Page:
We learned the language. We learned the lore of our background, our 
great great grandparents. You know, there was an oral tradition 
there. We learned how to ride donkeys, too.

AMY GOODMAN: The bombing of Lebanon this past summer and the Iraq 
war, what does your being an Arab American -- how do you feel that 
informs your view?

RALPH NADER: Well, you don't have to be an Arab American. You just 
have to be interested in understanding historical precedence. For 
example, Iran's prime minister was overthrown by our country in 1953. 
The US government under Reagan encouraged and supplied Saddam Hussein 
with the materials to invade Iran and slice it off for -- part of it 
off for Iraq. We have labeled Iran an axis of evil. That has a 
tremendous impact, especially since we did it to Iraq and invaded 
them next door, has a tremendous impact on a proud Persian history. I 
mean, there was a time when they were the dominant force in the 
world, and they remember those things. And they feel humiliated.

George W. Bush came to the presidency. I think he had been abroad 
once or twice. He didn't know anything about world history. And he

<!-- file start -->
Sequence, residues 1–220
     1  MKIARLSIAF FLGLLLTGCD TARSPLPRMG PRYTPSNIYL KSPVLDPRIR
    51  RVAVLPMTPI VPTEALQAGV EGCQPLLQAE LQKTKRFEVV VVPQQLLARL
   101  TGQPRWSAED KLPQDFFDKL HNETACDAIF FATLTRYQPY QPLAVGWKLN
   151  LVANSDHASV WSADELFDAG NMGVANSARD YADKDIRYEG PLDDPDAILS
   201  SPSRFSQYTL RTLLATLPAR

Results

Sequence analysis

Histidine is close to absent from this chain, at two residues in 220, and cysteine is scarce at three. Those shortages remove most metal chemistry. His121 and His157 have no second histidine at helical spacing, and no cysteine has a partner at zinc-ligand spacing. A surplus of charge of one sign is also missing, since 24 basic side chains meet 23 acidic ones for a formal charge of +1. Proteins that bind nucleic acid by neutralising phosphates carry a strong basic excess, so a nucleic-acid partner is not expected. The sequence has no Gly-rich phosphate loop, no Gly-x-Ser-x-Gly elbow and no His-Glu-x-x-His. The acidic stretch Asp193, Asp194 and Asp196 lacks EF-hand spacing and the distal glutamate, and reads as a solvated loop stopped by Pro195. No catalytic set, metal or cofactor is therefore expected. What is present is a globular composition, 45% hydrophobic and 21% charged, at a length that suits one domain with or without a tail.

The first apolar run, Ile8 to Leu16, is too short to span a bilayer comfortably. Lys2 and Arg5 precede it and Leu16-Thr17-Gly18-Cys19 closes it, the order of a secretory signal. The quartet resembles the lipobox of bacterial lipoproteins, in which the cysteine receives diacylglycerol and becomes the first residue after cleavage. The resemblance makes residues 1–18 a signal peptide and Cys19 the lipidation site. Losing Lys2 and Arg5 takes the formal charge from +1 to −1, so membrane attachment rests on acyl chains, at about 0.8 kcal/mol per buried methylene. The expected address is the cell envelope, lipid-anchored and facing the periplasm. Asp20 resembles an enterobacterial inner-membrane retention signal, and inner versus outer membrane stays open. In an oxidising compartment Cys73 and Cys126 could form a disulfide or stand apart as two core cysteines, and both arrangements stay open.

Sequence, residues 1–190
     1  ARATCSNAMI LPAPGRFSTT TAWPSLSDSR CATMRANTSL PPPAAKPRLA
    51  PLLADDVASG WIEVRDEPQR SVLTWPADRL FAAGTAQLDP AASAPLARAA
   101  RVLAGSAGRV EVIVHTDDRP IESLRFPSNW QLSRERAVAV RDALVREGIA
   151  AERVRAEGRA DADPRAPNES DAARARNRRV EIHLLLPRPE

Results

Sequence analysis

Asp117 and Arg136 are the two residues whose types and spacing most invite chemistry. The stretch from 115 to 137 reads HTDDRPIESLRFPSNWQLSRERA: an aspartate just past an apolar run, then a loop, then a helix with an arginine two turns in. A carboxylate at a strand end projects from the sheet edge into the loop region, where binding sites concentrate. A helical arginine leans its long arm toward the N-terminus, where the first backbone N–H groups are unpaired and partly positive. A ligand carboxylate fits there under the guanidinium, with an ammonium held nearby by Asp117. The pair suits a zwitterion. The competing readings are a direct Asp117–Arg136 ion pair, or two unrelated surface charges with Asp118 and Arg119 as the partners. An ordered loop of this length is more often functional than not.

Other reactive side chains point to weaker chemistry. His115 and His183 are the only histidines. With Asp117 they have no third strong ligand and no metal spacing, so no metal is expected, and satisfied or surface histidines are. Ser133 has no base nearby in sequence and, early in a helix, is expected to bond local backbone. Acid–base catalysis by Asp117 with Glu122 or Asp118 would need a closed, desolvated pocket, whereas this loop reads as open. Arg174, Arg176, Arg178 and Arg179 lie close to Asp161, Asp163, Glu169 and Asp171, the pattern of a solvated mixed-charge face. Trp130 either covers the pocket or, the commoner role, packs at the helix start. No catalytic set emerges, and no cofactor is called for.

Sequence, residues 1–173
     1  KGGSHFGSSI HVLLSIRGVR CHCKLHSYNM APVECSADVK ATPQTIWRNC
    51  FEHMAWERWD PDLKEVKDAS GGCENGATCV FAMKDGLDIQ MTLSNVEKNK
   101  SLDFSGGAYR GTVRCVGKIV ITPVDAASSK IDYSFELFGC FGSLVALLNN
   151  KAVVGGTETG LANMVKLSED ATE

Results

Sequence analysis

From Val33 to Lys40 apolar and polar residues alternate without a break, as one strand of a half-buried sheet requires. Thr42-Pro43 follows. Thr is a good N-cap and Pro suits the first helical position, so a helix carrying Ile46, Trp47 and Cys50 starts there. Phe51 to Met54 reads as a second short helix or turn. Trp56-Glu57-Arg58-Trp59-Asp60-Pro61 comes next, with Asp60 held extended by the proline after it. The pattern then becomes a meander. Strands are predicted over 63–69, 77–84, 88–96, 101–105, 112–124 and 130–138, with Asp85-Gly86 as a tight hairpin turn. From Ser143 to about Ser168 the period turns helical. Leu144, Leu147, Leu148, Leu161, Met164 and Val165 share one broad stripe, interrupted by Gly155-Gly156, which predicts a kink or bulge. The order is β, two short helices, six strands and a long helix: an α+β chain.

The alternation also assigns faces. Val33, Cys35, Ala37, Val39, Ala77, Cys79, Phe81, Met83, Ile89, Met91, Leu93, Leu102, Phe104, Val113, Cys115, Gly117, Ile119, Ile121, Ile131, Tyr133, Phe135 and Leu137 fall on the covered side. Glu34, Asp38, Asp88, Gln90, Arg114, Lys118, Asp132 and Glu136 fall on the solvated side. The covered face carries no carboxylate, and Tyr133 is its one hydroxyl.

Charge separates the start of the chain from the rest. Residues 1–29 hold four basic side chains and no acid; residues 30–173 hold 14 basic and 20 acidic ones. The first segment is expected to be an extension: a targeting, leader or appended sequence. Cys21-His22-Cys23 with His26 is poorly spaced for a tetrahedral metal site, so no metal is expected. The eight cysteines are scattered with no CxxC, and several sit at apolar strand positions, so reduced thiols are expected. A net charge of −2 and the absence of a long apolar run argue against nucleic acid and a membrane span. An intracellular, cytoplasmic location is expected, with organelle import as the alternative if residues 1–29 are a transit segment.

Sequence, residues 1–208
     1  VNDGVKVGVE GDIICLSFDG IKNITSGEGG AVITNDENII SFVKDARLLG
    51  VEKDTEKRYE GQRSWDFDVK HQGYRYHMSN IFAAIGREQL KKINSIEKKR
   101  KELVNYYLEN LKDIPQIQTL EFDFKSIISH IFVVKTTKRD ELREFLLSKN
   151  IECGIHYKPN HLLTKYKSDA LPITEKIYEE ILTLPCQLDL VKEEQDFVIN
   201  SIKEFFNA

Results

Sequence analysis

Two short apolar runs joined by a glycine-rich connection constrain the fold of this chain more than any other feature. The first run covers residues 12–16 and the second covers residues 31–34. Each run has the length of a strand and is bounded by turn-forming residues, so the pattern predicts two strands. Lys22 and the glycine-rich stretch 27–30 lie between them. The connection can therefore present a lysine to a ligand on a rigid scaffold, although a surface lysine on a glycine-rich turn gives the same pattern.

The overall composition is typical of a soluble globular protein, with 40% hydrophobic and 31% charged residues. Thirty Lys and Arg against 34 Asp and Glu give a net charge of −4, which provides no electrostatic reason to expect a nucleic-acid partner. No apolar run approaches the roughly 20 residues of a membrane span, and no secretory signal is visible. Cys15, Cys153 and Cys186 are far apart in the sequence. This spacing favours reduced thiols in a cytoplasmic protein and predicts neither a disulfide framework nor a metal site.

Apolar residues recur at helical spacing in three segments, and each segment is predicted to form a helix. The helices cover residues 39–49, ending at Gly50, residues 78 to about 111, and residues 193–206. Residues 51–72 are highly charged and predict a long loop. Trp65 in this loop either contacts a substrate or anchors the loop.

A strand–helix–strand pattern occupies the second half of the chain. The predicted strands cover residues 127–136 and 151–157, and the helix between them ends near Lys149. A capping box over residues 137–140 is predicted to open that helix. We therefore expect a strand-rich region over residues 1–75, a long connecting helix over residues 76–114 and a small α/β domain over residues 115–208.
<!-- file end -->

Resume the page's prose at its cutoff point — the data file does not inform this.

was proud of saying he didn't read newspapers. He was proud of his 
ignorance. And we're paying the price for that. It's not just his 
obsession. It's not just his messianic militarism. It's his profound ignorance.

AMY GOODMAN: Ralph Nader, your father used to ask you, "What did you 
learn in school today?"

RALPH NADER: Yeah. One day I went home and in the backyard, and he 
said, "Ralph, what did you learn in school today? Did you learn how 
to believe or did you learn how to think?"

Another event I remember in the backyard -- a beautiful spring day, 
my parents were there with my siblings -- and my mother said, "How 
much is a dozen eggs?" We knew all the prices, because we were 
restauranteurs' children. And so, she said, "How much is a bushel of 
apples? How much is a pound of butter?" And then she stopped and she 
looked up, and she said, "Nice cool breeze, isn't it? How much is 
that? What's that sunshine worth? Look at those birds. Hear those 
birds singing those beautiful songs. What price should we put on 
that?" That really at an early age taught me that there are certain 
things that should be never for sale. And that's, in our democracy, 
elections should never be for sale. Politicians should never be for 
sale. Teachers should never be for sale.

So, from those seventeen traditions, I developed a linkage with the 
civic advocacy and things that I wrote and spoke about as an adult. 
And I think that people are very interested in this book, because 
it's personal, it has good stories about life in New England at that 
time, which will resonate with parents and children in terms of their 
own recollections. I think people have to recollect more. They have 
to rebuild the solidarity of their family line in a period of great 
tumult and change, when they think that everything is out of control 
around their lives, their jobs and their children.

full: http://www.democracynow.org/article.pl?sid=07/02/05/1532248